Development Work

SAVE THE HIMALAYAN KINGDOM is a non-profit organisation founded in 2000 by late Ms. Pemba Doma Sherpa. She grew up in the Solu Khumbu region of Nepal and trained as a mountain guide. An accomplished climber, Pemba is the first Nepali woman to have conquered Everest from the north side and is one of only six women to have summited Everest twice.

Vision

Our vision is of a Himalayan region in which people’s basic needs are met, where a traditional way of life is preserved, and where the children’s future is protected.

Mission

We seek to protect and improve the lives and livelihoods of the people of the Himalayan region.

Objectives
Pemba Doma Sherpa – Everest
Pemba Doma Sherpa – Everest

To raise awareness among local communities of the issues affecting their well-being and future survival, such as environmental protection, health and literacy.

To develop understanding among local communities of practices that will protect and improve their lives, livelihoods and the environment.

To provide practical and financial support where there is greatest need, and to implement projects that bring about positive and sustained change.

 


OUR PROJECTS

Restoring the Deboche Nunnery

In 2005 SAVE THE HIMALAYAN KINGDOM, supported by the Swiss Agency for Development and Coorporation (SDC), implemented a project to restore the nunnery at Deboche. Established in 1925, it is the oldest nunnery in Solu Khumbu and one of the oldest in Nepal.

The nunnery had fallen into disrepair. Still home to 12 nuns, it lacked adequate heating or insulation from the cold. There was also little ventilation for the wood burning stove in the kitchen, putting the health of the nuns at risk.

The first phase of the project was completed in November 2005. Eight of the nuns’ houses were completely renovated and small stoves for hot water and heating are now in place. The kitchen and dining room have also been rebuilt, complete with new roof. The second phase, due for completion in 2008, includes installing a new oven to provide cooking facilities for at least 20 nuns (the oven weighs 100 kilos and must be flown from Kathmandu by helicopter), equipping the houses with beds and bedding, and re-landscaping the garden.

Restoring the nunnery at Deboche has significantly improved the health and quality of life of the nuns who live there. It has also preserved for future generations an important part of the heritage of the region.

 

Supporting the children of deceased Sherpa climbers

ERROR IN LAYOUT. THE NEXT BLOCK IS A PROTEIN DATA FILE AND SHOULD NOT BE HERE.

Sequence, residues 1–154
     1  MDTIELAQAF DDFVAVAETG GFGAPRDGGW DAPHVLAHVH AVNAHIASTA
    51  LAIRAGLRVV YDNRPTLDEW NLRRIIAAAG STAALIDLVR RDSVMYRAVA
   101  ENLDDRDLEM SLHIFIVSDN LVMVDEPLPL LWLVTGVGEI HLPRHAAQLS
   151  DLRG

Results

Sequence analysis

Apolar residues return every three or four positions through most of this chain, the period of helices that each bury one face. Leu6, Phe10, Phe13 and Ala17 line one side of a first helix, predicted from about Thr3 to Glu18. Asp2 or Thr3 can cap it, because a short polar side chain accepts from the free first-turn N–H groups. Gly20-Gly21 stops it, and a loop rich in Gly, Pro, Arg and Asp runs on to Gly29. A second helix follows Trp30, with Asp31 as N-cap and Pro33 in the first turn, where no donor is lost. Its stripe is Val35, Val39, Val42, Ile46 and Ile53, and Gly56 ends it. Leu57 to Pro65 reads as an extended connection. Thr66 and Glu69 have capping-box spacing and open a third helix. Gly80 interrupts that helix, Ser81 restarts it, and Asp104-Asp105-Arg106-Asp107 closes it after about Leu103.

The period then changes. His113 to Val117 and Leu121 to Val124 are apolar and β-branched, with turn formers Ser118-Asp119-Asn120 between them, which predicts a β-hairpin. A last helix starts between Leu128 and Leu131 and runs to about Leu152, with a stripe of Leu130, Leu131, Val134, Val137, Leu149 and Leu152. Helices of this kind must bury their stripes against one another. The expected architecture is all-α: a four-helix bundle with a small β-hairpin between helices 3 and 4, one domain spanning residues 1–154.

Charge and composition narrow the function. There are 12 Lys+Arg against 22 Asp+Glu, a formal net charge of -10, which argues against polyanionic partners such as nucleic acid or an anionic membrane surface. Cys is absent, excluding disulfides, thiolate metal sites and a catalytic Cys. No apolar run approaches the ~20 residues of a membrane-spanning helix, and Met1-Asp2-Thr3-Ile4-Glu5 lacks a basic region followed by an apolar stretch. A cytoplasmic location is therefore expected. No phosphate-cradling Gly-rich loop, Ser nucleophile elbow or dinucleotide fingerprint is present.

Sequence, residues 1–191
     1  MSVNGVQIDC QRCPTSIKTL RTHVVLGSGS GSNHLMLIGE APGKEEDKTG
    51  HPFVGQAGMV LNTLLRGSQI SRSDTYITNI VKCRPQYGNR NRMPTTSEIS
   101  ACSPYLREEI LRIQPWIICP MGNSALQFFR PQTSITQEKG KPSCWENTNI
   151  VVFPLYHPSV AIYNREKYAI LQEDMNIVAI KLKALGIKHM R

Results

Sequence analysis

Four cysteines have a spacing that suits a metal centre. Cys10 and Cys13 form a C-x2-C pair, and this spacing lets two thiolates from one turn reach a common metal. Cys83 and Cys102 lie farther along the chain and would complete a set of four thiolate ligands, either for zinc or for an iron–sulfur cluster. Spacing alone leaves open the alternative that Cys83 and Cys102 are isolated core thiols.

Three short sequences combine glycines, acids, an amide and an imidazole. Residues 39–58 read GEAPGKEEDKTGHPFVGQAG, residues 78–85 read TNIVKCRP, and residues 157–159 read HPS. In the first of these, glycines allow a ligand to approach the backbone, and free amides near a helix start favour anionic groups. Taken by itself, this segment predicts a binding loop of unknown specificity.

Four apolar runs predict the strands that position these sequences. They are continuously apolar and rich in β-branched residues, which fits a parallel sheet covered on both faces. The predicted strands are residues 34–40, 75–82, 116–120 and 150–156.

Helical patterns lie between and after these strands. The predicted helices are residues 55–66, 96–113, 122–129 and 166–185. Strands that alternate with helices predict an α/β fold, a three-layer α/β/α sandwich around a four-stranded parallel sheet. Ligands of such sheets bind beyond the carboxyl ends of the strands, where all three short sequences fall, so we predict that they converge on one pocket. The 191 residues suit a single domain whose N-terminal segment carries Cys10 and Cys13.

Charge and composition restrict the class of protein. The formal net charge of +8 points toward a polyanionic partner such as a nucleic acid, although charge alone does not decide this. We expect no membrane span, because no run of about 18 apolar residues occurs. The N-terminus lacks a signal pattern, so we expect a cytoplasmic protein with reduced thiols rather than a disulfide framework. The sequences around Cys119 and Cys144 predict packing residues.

The Sherpas are probably the best known Nepali ethnic group. They live in the mountainous regions of eastern and central Nepal, particularly in the Solu Khumbu region at the foot of Mount Everest. The word sherpa has become synonymous with trekking and mountaineering (with a small ‘s’ it means a trek guide or mountaineer). Not all sherpas are Sherpas, but many of them are. The Sherpa people are known and respected around the world for their hardiness and skill in what is difficult terrain.

Climbing at high altitude is extremely dangerous and every year a number of Sherpa climbers die whilst working on international expeditions. In 2006 alone, the figure exceeded ten. As well as losing a husband and father, each of these families will have lost its only source of income.

We have established a project to help the children and families of deceased Sherpa climbers.

Our project aims to help alleviate financial hardship whilst supporting individual children in achieving their potential in life. By paying the costs associated with going to school in Kalinpong in India, we will help give that child the best possible start in life. Initially, the project will assist five families from different villages in the region. We will pay all the costs – school fees, food and lodging, travel, uniform and stationery – supporting the child throughout their education, which could be for up to 12 years. We will talk to families to determine where the need is greatest, and we will monitor each child’s progress.

The costs associated with sending a child to school in Kalinpong add up to about US$1,000 a year. Most of this is for board and lodging – about $50 a month – and the school fees add a further $20 a month. The remainder pays for the child’s travel to and from home once a year as well as his or her uniform and stationery.

This is an important project for us. It not only invests in the future of individual children, but it provides a lasting legacy to the Sherpa climbers who give their lives on the mountains.

You Can Help

Please support SAVE THE HIMALAYAN KINGDOM by making a donation.
Also email us to contribute to our educational fund or to enquire about sponsoring a Sherpa child to go to school.

Thank you

We would like to thank everyone who has donated time and money to help us achieve our aims.

We are particularly grateful to the Swiss Agency for Development and Coorporation (SDC) for their help with the Deboche Nunnery Project, and the Trekking Company UK (Trekco) and Choice Organic Teas (Washington, USA) for their continued financial support.